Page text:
Writing a creation story without copying a creation story is very difficult. Well, I finally finished it. Someone read book one and loved it. So I did a query to an agent, she asked to see a partial, then asked to see a re-write with a quicker paced beginning. In the end she gave some compliments and said it wasn't for them. They weren't a fantasy dealership by the way.

All the same, her comments made me question whether to keep trying or get a second opinion. I got a second opinion, and wound up re-writing books one and two- my hopefully readable accounts that sets up the ultimate series. (Which I now have to edit)

Okay, I've almost got as much time invested in this that Tolkien had in LOTR, which is more than any -working for a living- person should ever have.

So, I figure at this point to try the waters. If I keep getting rejections to the point I realize I'm not a novelist, then well, I've wasted enough years.

I have no doubt it's a great story. I told the story to one famous person and she offered to connect me with a script writer friend with three Academy Awards. She loved the story as I told it and thought it would make a great movie. However the point is "Am I a good enough writer to make it translate into a well written book?" That's my goal, my dream. But it's also my bane at the moment because it's drained me.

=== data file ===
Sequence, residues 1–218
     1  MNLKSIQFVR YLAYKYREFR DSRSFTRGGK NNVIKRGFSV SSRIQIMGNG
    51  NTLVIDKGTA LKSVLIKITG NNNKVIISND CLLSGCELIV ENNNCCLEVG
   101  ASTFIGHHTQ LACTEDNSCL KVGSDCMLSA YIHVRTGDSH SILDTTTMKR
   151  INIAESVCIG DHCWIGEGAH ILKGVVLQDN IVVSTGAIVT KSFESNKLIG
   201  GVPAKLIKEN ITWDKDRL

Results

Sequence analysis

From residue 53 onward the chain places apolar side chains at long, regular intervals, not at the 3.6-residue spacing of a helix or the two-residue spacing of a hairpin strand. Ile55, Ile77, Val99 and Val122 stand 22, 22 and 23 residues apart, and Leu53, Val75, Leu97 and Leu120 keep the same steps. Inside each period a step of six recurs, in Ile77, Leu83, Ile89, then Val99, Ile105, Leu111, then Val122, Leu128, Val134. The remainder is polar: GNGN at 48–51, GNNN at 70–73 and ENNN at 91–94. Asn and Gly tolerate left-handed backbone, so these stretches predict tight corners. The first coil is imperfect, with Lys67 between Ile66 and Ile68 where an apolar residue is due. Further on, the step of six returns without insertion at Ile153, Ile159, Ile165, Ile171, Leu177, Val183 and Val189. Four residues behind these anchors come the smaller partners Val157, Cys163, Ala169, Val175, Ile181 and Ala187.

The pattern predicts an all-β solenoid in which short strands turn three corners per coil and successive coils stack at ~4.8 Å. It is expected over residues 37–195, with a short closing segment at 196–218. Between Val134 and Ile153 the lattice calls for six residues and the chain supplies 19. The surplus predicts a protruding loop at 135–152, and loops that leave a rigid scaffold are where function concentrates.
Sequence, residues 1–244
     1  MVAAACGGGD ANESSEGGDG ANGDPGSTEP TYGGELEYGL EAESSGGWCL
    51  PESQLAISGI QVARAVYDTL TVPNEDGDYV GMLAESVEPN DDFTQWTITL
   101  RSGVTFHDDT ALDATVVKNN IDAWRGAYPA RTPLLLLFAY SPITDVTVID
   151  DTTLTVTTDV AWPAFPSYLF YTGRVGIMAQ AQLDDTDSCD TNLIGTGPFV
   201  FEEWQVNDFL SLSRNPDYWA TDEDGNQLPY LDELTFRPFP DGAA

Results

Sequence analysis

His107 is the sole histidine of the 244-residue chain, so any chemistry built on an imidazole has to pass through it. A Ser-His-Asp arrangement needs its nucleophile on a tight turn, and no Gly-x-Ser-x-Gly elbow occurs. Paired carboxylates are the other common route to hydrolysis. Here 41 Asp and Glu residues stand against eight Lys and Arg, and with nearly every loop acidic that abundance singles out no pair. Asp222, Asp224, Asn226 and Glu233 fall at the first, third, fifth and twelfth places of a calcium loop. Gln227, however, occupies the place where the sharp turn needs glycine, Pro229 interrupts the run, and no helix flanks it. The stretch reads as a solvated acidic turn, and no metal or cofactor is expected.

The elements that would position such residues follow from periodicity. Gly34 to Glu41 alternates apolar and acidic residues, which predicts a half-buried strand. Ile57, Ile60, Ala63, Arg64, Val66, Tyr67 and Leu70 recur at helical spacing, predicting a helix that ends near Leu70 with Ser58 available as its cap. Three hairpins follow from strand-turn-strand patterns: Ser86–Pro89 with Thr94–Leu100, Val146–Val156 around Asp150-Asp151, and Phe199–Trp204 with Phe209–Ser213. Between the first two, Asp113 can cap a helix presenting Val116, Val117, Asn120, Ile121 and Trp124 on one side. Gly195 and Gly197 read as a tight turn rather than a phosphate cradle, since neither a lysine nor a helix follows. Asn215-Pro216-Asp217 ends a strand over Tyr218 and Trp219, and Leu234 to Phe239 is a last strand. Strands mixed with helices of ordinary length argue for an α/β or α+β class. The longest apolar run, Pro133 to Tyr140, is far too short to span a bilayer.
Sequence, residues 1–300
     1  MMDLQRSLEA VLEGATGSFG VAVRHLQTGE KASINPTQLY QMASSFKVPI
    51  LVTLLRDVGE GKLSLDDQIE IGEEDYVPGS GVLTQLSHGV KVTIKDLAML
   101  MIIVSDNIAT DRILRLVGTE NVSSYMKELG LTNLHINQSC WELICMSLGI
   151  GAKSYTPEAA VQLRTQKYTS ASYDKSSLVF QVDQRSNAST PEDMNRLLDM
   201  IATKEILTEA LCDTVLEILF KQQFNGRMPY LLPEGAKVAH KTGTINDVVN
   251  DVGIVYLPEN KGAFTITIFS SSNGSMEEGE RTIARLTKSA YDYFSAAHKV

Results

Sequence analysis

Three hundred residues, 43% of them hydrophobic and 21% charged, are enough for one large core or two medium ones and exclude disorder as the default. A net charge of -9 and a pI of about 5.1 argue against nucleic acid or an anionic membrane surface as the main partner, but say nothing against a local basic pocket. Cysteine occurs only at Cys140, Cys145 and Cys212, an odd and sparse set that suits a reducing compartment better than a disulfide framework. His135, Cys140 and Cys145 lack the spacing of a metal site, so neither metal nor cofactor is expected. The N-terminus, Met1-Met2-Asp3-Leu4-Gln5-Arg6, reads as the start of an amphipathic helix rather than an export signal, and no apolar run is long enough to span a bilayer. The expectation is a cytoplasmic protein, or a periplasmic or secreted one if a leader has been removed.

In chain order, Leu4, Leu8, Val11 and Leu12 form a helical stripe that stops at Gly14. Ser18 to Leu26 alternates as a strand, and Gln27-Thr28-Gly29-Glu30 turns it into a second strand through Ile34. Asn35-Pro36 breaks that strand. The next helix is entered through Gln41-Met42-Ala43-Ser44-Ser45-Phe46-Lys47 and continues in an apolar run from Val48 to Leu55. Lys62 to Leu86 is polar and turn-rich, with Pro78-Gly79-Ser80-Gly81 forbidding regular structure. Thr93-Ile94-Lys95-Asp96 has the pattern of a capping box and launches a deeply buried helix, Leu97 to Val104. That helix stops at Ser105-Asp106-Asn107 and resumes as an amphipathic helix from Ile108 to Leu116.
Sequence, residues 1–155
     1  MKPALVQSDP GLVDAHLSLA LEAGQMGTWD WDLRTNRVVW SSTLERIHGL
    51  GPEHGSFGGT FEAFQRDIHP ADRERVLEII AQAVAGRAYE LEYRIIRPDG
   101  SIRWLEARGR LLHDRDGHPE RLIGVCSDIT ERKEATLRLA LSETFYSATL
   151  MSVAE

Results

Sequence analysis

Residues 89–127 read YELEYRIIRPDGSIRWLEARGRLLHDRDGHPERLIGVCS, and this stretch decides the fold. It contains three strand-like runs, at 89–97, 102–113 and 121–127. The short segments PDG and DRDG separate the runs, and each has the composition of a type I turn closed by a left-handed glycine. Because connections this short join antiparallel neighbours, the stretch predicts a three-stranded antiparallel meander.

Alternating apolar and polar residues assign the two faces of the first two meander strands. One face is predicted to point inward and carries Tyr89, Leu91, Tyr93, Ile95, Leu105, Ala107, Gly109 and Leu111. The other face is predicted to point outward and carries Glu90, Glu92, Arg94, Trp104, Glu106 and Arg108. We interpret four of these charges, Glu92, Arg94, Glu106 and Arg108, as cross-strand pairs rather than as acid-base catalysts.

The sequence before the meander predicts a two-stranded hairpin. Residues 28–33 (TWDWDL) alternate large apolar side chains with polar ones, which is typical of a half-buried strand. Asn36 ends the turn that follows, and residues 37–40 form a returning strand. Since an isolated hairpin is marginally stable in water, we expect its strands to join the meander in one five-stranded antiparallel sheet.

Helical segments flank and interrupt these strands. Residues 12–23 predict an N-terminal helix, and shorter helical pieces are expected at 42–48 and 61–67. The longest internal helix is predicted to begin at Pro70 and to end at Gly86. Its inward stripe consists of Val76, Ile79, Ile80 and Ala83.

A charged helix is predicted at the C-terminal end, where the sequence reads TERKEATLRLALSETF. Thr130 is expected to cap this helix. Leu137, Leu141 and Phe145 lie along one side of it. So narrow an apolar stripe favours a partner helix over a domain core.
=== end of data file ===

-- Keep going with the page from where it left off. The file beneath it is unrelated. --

Honestly, if I don't get published, I've concluded it isn't going to be because I didn't get a fair chance; it will be because I stink at writing novels.

Still, I thank you for what really is great advice.

N Marion
 

Nateskate

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DraperJC said:
This list is two years old but it's the best I've got. It was originally compiled by Brady Boyd over at writers.net. You'll have to double check it all.

Fantasy Agents


Appleseeds Management
Ashley Grayson Literary Agency: Dan Hooker
Curtis Brown: Ellen Geiger
Donald Maass: Jennifer Jackson, Rachel Vater
Dystel & Goderich Literary Management: Jane Dystel
Ethan Ellenberg Literary Agency
Frances Collin Literary Agent
Graybill & English: Jeff Kleinman
JABberwocky Literary Agency
Kristin Nelson Literary Agency
L. Perkins Associates
Literary & Creative Artists: Muriel Nellis
Lynn Seligman, Literary Agent
Pinder Lane & Garon-Brooke Associates: Robert Thixton
Ralph Vicinanza
Ray Lincoln Literary Agent: Mrs. Ray Lincoln
Richard Henshaw Group
Rodney Pelter
Scovil Chichak & Galen: Russell Galen
Spectrum: Lucienne Diver
Sternig & Byrne: Jack Byrne
Susan Herner Rights Agency
The Evan Marshall Agency
The Gislason Agency: Deborah Sweeney